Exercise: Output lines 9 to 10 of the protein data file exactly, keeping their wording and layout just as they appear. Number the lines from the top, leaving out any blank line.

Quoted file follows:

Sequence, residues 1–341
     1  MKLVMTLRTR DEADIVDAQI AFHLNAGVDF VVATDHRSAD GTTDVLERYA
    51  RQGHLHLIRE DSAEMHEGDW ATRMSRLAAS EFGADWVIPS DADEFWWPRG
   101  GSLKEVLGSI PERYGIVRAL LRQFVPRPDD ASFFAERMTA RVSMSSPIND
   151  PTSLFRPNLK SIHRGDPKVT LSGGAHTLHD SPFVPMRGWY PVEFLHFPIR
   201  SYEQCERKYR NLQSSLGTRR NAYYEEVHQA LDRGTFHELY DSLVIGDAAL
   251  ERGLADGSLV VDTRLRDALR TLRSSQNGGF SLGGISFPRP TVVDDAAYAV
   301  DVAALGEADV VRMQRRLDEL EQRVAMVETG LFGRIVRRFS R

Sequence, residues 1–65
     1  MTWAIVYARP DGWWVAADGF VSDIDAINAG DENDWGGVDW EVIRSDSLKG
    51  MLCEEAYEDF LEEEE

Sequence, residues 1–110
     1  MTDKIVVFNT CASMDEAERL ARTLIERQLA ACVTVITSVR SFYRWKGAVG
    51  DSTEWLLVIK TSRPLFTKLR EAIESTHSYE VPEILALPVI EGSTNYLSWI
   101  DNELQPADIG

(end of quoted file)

Sequence, residues 1–65
     1  MTWAIVYARP DGWWVAADGF VSDIDAINAG DENDWGGVDW EVIRSDSLKG